1,000 ways to make Murphy scream

When we were in debt and needing to get control of our finances, we followed Dave Ramsey’s plan as laid out in his book, The Total Money Makeover. Dave lays out 7 Baby Steps for getting financially healthy. The first of those steps is saving $1,000 dollars for your initial baby emergency fund.

Why do you need an emergency fund? Well it’s very simple. Life happens. The plumbing suddenly gives you a fountain where you didn’t really have plans to have a fountain. Cars break down at the most inopportune times. Appliances fail. Illnesses happen. In short Murphy shows up. You know Murphy. The guy who teaches us that “Anything that can go wrong, will go wrong.”

So what typically happens when Murphy comes knocking? We pull out the credit card and say” Well, what choice do we have”. Have to get the car fixed so I can get to work. Can’t live without the water heater. Have to buy that medicine for my sick child. And deeper into debt we slip.

The idea for baby step 1 is to save that first $1,000 as quickly as you can. (If you make less than $20,000 a year then you can make your starter emergency fund $500).

One of the first keys to getting out of debt is you simply have to commit to not getting any deeper into debt. You have to stop borrowing money. If you are standing in a hole already you can’t get out by digging the hole even deeper. But as we just said, we know that Murphy shows up from time to time. We are going to have unexpected expenses. That’s just part of life.

So the answer is Baby Step 1 we save $1,000 cash and set it aside for a beginning emergency fund. Now granted $1,000 will not cover every emergency that may come up. If you lose your job for 6 months, $1,000 will not be enough to weather the storm. However, $1,000 will cover many of the common emergencies. It’ll fix the alternator on the car or replace most appliances. It’ll pay for the unexpected plumbing emergency or trip to the doctor.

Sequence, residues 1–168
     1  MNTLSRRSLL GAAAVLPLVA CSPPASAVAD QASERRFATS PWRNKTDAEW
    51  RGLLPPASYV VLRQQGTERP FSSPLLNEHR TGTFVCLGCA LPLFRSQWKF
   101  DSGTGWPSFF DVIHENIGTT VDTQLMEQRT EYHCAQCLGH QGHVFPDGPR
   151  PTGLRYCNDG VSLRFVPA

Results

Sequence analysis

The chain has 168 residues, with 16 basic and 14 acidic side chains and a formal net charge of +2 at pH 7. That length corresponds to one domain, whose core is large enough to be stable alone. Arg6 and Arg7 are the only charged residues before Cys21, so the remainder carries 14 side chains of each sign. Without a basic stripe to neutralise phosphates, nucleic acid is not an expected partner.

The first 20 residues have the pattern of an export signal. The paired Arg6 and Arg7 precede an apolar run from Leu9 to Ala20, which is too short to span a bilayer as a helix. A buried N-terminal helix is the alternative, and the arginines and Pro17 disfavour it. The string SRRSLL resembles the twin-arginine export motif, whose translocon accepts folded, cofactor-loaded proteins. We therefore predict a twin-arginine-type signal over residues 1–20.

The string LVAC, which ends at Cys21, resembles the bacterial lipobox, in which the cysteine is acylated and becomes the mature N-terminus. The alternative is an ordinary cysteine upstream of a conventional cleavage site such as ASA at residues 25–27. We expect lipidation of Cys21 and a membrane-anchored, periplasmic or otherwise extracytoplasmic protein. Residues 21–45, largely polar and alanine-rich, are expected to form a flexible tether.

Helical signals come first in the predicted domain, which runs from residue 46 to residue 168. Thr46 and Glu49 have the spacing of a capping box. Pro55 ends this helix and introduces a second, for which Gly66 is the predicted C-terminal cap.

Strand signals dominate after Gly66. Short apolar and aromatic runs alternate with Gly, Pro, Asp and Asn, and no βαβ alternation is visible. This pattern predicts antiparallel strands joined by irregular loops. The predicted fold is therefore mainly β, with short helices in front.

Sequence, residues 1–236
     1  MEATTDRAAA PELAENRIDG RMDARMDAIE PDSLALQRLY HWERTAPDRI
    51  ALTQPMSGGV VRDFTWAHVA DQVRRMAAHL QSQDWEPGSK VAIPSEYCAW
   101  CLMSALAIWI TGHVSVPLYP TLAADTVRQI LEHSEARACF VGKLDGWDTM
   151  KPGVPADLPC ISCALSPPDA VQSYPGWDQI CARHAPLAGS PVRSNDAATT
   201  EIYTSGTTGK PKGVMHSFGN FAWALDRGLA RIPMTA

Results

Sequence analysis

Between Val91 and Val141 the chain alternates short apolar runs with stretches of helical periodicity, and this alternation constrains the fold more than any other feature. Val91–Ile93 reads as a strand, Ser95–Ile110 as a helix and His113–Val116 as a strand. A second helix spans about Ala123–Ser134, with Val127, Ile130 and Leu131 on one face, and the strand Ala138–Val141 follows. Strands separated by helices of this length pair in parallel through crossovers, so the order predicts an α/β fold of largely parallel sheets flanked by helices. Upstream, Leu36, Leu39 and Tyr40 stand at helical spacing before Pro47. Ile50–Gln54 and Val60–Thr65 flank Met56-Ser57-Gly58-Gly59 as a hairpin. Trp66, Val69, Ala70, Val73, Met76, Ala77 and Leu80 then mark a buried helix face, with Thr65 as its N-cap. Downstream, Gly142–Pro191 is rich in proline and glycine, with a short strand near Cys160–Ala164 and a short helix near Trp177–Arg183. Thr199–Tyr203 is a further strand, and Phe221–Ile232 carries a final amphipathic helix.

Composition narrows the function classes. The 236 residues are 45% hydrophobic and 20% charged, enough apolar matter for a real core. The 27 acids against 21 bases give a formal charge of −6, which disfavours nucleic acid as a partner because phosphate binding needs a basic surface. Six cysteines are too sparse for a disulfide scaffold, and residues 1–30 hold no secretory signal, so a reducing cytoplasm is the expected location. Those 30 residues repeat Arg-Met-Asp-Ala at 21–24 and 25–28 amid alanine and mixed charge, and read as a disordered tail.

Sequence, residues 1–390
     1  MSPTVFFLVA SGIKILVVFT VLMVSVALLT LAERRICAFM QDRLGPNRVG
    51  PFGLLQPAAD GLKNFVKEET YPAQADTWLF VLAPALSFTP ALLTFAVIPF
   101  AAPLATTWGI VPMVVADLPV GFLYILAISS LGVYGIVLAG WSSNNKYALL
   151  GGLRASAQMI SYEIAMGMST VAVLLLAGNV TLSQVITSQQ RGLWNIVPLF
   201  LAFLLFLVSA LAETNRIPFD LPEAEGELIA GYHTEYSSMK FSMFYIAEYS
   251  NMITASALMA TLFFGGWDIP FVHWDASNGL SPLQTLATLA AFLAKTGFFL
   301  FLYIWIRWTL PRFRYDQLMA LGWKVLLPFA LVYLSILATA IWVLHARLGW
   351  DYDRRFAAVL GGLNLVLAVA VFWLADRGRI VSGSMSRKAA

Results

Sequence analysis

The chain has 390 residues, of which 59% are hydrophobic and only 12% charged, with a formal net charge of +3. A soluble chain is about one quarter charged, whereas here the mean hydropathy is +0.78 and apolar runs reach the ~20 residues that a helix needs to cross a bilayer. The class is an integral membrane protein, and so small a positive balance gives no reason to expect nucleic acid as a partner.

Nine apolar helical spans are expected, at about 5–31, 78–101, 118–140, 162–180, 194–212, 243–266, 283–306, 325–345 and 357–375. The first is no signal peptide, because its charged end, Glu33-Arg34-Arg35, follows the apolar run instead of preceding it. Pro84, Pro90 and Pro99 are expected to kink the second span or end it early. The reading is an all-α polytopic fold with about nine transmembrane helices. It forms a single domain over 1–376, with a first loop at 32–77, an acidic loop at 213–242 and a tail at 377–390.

With that $1,000 saved you can break the cycle of borrowing. That’s a huge step in changing your habits, and changing habits is really the biggest part of getting out of debt.

There are two important things to remember when it comes to your beginning emergency fund.

First, it is an Emergency fund. It’s not the “I’m tired, let’s eat out” fund, or the “I want to go to the game with the guys” fund or even the “Jr. grew and we need to get him some new clothes” fund. These are things that should be in the budget. The emergency fund is for true unexpected emergencies. As you make progress with the budget and over time make your way through the baby steps, you should find that what constitutes an emergency changes as well. For example, when you are just getting started the alternator going out on the car probably constitutes an emergency. But in time as you get healthier financially, you should have a car repairs item (perhaps even an envelope) in the budget. These types of repairs would just be paid out of that.

Second, your emergency fund is not an investment account. Your emergency fund is really more of an insurance policy. You aren’t trying to make money on your emergency fund. It needs to be put some place very safe and fairly easily accessible. A money market savings account is perhaps a good choice for your emergency fund. They get a little higher interest rate than a standard savings account and you can access them at any time without a penalty. You don’t want to use something like a CD because you’ll have to pay a penalty to get your money back if an emergency happens. Similarly, it’s not wise to put your emergency fund in investments. If the market is down when your emergency hits, you may find you don’t have the money you thought you did and also you’ll be tempted to just use credit because you won’t want to cash out your investment while it is down. If you knew when an emergency would hit, you wouldn’t need an emergency fund. That’s why your emergency fund is more like an insurance policy. You want it there and available when you need it.

The real key is you have to break the cycle of borrowing. The emergency fund allows you to do this. It also is the first step toward financial peace because you can rest easier knowing that when Murphy comes calling you have the cash saved to send him on his way.

Saving $1000 quickly may seem like an overwhelming task if you have not been in the habit of saving but it can be done. If you’ve already accomplished this goal post a comment with encouragement of how you did it. Later this week I’ll be posting some additional ideas of how to get started saving and keep Murphy from ruling your life.

 

Please note: I reserve the right to delete comments that are offensive or off-topic.